Firms have been advised to take simple steps now as poll reveals 93% of bosses support the initiative, with majority believing it will boost productivity and retain staff.
Britain’s bosses are urged to take four simple steps to be better prepared for the introduction of next year’s new National Living Wage (NLW).
As the statutory instrument was laid to be written into law yesterday, businesses are being advised to prepare early for the changes on 1 April, 2016, when the new wage will become law, and make sure they follow these four simple steps:
- Know the correct rate of pay – £7.20 an hour for staff aged 25 and over
- Find out which staff are eligible for the new rate
- Update the company payroll in time for 1 April, 2016
- Communicate the changes to staff as soon as possible
The advice coincides with a new poll which revealed 93% of bosses agree the new wage is a good idea, with 88% believing it will lead to higher productivity, and 83% saying it will make staff more loyal to their firm.
Business Minister Nick Boles commented: “The Government’s new National Living Wage will provide a direct boost to over two-and-a-half million workers in the UK – rewarding and providing security for working people.
“I am urging businesses to get ready now to pay the new £7.20 rate from 1 April 2016. With just under four months left, there are some easy steps employers can take to make sure they are ready.
“By taking these measures, companies will be able to properly reward their staff and avoid falling foul of the law when it takes effect.”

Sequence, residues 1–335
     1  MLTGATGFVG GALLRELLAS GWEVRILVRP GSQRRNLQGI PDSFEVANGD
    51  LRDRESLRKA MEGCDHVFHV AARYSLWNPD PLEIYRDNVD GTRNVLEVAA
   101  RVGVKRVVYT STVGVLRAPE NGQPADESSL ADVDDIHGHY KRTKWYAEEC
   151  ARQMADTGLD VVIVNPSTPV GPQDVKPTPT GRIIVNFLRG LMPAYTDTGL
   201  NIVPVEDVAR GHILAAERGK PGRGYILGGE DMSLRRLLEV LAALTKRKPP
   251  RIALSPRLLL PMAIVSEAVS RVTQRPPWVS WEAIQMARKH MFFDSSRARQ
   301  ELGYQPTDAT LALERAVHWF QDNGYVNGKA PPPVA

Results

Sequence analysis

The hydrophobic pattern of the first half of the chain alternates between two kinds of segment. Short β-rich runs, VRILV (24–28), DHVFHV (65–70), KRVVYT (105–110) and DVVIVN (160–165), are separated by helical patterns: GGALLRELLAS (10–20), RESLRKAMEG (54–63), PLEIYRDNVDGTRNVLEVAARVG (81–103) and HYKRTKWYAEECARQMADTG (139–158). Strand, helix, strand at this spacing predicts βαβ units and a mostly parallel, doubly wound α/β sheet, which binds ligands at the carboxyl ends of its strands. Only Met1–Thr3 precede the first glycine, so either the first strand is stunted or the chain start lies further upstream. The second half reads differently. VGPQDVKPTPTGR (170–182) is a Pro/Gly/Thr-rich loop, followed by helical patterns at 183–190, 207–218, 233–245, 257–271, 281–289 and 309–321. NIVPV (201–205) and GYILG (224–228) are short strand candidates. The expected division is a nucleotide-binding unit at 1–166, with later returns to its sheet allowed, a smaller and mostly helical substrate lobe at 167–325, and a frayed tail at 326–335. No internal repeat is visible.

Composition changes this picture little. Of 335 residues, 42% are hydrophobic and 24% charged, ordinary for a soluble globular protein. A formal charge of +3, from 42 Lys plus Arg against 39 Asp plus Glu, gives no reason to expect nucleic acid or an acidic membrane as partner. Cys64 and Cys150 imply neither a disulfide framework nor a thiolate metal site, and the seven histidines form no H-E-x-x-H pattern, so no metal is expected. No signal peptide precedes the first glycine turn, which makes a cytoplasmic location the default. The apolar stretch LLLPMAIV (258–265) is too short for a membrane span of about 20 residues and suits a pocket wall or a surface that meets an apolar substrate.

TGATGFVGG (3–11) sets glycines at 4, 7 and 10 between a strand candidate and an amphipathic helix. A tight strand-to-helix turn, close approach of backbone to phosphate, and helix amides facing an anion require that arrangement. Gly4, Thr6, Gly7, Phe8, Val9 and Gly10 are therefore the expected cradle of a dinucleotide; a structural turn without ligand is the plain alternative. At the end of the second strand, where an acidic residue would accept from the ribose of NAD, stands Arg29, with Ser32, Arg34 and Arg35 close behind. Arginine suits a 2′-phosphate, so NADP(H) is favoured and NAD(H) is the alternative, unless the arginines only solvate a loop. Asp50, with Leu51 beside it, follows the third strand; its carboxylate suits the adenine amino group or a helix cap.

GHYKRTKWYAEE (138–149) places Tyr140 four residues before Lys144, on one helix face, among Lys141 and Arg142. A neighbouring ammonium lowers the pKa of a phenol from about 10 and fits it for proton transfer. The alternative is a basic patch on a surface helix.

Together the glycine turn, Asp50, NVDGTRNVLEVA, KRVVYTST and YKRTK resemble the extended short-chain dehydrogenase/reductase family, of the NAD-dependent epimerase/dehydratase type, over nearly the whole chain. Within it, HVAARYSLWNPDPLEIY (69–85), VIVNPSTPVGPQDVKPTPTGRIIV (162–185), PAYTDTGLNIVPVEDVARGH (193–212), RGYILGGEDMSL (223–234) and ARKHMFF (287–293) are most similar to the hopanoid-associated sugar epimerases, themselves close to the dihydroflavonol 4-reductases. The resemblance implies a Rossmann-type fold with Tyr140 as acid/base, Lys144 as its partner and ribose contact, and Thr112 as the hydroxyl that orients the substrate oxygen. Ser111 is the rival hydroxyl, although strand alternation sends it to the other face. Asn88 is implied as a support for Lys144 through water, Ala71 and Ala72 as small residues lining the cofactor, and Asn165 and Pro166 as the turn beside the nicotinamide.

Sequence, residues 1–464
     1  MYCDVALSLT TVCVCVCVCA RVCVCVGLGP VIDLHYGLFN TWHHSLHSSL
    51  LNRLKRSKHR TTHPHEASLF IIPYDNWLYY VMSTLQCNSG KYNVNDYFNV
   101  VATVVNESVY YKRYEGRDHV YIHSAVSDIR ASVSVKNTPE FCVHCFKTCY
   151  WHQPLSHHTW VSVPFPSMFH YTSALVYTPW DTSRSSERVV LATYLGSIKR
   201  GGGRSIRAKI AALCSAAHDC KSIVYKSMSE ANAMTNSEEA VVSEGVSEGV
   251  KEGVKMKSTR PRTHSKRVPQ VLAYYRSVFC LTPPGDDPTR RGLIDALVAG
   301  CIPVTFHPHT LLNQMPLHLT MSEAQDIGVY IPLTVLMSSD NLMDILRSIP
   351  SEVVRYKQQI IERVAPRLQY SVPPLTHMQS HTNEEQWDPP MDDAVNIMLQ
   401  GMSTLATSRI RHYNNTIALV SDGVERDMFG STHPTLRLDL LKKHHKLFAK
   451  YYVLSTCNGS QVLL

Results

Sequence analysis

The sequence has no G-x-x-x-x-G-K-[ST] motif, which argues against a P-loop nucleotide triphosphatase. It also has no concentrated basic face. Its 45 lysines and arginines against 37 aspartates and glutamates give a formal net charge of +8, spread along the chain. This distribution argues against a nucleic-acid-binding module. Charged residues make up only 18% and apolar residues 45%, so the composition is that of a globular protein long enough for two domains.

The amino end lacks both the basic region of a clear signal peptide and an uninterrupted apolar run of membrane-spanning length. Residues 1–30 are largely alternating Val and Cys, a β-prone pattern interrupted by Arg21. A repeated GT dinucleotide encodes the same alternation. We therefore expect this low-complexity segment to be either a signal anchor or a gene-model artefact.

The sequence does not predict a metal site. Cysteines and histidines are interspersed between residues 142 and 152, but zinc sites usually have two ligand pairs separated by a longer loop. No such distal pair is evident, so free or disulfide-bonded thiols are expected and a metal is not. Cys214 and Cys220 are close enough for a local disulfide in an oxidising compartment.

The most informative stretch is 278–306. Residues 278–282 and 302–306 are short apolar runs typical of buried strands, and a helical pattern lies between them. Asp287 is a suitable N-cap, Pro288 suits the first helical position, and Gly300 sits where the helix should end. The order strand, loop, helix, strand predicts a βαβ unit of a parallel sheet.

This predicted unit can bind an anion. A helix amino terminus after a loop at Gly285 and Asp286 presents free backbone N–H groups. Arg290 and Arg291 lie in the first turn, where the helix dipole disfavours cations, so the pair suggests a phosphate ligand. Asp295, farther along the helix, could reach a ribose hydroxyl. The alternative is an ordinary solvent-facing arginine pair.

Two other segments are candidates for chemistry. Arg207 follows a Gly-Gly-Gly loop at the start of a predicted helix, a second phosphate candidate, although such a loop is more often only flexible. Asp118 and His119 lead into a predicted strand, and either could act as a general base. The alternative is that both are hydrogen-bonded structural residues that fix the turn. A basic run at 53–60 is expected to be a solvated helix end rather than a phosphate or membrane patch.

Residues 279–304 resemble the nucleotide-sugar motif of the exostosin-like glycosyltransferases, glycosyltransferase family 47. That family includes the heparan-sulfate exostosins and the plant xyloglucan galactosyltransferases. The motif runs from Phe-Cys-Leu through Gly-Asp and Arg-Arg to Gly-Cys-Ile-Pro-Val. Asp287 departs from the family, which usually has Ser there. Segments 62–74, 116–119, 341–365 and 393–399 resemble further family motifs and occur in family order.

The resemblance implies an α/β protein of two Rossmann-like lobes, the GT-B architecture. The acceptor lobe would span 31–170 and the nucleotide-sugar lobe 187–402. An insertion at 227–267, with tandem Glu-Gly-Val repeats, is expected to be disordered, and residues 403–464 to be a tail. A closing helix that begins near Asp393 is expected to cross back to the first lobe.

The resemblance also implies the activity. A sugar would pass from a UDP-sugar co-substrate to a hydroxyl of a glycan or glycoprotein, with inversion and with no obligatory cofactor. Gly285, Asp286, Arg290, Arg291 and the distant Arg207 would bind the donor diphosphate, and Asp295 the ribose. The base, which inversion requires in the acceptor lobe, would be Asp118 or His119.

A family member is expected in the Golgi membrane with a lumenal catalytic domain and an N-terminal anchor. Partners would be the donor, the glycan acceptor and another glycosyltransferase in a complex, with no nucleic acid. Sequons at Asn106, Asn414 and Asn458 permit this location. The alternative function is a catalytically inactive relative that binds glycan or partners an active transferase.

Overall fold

The new survey conducted for the Department for Business, Innovation and Skills (BIS) asked 1,000 employers across Britain about the NLW.
When asked if they thought the new rate would be good for businesses, many respondents identified a range of positive impacts:
- 93% of all bosses agreed the National Living Wage was a good idea
- 88% said it would make staff more productive
- 83% believed it would make staff more loyal towards their employer
- 86% said it would boost staff morale
- 82% believed customers were likely to return if the business paid the right rates of pay.
Despite the popular support for the measure, the poll also revealed that many firms were yet to take key steps to be prepared:
- Only around 45% had updated payroll to take account of staff aged 25 and over on 1 April 2016
- Just 39% had communicated the upcoming changes to staff
- Only 29% had looked online for more information about National Living Wage entitlement.
This comes despite 63% of bosses saying they knew who in their business should be getting the new National Living Wage.